Should prisoners be released early to cut public spending?

Millions are spent every year on keeping criminals behind bars, so should prisoners be freed prematurely to save money?

Release prisoners early and save money – this is the controversial game plan being proposed by Andrew Bridges, a chief inspector of probation.

It allegedly costs £80 million a year to keep 2,500 of the country’s most dangerous criminals locked up. If freed prematurely, however, Bridges claims that millions of pounds could be saved.

It is predicted that prisoners could commit a further 40 serious crimes a year once discharged. But Bridges is unsure whether spending £2 million a year to prevent these crimes from occurring, by detaining these inmates, is really value for money.

‘Is the public prepared to accept the cost of having more prisoners managed in the community to achieve what could be substantial financial saving?’

At a time where knife and gang crime appear to be on the rise, and a number of these serious crimes committed include murder, manslaughter and rape, for many the answer would be ‘no’.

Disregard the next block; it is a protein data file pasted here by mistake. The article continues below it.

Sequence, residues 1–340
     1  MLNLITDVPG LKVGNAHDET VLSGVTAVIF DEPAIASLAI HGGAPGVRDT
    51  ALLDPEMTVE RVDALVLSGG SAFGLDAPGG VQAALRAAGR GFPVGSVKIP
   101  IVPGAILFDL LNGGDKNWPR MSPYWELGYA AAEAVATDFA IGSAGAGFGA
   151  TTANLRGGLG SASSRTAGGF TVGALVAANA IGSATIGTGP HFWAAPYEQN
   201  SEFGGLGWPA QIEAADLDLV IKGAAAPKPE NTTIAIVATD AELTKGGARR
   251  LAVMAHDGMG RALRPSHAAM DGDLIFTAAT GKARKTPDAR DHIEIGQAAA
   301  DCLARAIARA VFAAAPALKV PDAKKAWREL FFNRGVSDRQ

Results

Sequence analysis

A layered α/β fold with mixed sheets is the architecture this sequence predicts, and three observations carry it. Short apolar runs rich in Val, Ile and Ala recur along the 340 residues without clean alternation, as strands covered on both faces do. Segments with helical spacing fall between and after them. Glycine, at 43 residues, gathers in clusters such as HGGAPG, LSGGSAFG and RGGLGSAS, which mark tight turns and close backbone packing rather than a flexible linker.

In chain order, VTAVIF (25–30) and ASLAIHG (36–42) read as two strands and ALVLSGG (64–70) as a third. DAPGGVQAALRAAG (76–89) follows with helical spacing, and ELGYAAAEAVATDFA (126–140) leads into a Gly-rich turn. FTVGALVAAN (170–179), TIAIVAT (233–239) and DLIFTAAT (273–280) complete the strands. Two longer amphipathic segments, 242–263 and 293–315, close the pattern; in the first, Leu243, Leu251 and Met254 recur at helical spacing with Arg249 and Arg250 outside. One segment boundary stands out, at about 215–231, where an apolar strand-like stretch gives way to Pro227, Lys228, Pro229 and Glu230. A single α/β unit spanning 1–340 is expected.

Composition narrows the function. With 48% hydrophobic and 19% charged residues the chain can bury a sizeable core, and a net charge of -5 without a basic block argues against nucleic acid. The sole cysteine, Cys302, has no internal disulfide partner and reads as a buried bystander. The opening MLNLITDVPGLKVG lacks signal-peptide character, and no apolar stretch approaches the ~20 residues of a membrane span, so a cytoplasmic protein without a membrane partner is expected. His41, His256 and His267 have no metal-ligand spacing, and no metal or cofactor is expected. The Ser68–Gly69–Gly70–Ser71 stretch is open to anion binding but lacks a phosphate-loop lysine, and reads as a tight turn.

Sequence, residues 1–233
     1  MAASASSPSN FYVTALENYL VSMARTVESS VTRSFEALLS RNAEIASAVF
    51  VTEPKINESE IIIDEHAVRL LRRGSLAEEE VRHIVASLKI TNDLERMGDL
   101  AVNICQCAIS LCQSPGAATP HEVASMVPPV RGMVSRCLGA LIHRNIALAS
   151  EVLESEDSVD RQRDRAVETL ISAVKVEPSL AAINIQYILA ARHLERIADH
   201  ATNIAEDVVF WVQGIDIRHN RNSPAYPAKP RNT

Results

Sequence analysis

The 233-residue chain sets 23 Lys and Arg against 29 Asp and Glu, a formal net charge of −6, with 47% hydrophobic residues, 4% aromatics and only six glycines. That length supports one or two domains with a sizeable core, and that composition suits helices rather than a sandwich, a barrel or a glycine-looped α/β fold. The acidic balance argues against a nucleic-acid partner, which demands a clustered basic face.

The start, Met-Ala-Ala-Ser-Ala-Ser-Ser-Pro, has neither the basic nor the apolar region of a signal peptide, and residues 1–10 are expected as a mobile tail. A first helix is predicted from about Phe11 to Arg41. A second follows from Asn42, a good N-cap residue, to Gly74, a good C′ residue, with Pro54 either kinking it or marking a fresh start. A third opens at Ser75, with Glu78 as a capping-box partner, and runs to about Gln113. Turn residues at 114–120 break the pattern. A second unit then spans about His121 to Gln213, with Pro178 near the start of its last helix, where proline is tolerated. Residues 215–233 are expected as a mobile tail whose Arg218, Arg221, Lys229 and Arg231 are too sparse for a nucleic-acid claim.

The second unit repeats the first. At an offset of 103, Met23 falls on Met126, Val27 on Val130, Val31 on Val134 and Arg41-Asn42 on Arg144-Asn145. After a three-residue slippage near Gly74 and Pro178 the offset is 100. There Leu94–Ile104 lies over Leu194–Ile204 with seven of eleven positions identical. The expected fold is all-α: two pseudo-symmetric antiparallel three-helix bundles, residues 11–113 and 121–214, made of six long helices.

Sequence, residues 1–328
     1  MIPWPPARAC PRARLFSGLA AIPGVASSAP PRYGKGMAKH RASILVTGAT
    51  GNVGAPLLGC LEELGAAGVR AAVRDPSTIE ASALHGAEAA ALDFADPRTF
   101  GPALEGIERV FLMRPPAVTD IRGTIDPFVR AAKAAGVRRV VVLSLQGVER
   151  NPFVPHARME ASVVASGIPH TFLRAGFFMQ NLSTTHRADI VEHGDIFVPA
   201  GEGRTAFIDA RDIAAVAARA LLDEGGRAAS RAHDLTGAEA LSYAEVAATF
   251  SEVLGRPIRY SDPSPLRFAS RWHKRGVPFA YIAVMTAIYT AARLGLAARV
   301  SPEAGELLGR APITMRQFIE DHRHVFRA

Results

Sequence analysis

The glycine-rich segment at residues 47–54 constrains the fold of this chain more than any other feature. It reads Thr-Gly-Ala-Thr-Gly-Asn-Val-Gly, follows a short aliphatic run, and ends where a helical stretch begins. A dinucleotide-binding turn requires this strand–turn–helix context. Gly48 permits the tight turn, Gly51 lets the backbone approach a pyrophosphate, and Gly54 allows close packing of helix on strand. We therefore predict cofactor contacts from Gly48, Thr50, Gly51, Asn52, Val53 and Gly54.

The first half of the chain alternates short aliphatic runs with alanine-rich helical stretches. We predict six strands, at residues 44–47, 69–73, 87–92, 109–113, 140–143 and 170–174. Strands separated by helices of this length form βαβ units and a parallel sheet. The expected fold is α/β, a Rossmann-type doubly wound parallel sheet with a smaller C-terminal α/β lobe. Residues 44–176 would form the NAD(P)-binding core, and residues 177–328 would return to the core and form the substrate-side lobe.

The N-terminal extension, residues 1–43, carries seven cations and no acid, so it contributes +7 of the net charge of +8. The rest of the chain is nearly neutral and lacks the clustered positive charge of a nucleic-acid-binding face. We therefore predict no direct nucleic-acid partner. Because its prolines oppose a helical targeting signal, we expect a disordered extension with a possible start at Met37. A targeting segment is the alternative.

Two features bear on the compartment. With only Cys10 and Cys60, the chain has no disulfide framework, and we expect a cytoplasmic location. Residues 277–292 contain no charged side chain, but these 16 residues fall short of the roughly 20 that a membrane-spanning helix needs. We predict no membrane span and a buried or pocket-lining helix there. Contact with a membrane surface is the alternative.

But Bridges disagrees. ‘At a time when public expenditure is under especially close scrutiny it would be wise to consider the price paid for this rather drastic form of crime prevention.’

With the cost of keeping 30,000 people locked up for a fortnight totalling £48 million, he argues that it is unnecessary to detain 59 people, who may not need to be locked up, just for one who will re-offend in that 18-day period.

But critics have condemned Bridges’ radical stance. ‘In the end it does not come down to costs, it comes down to justice and public protection,’ said David Green, director of think-tank Civitas.

Matthew Elliott, of the Tax Payers’ Alliance agrees: ‘It is insulting to victims of crime and law abiding taxpayers who pay for the prison system to suggest that the public should accept an increase of crime if they want savings to be made.’

In support of this, figures reveal that in the last three years 1234 prisoners committed a total of 1624 new crimes during the time they would normally still be behind bars. These shocking statistics include three murders.

What do you think? Do you agree with Matthew Elliott? Or do you think prisoners should be released early to save on public spending? Let us know in the comments box below.

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